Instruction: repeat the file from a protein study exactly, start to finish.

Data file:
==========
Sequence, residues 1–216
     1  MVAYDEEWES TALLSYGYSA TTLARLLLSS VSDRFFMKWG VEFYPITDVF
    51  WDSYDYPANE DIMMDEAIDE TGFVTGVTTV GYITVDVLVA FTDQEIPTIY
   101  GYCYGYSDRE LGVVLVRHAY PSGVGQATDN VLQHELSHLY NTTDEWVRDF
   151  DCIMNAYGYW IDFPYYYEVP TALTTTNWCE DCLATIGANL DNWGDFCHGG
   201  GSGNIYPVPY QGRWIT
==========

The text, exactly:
Sequence, residues 1–216
     1  MVAYDEEWES TALLSYGYSA TTLARLLLSS VSDRFFMKWG VEFYPITDVF
    51  WDSYDYPANE DIMMDEAIDE TGFVTGVTTV GYITVDVLVA FTDQEIPTIY
   101  GYCYGYSDRE LGVVLVRHAY PSGVGQATDN VLQHELSHLY NTTDEWVRDF
   151  DCIMNAYGYW IDFPYYYEVP TALTTTNWCE DCLATIGANL DNWGDFCHGG
   201  GSGNIYPVPY QGRWIT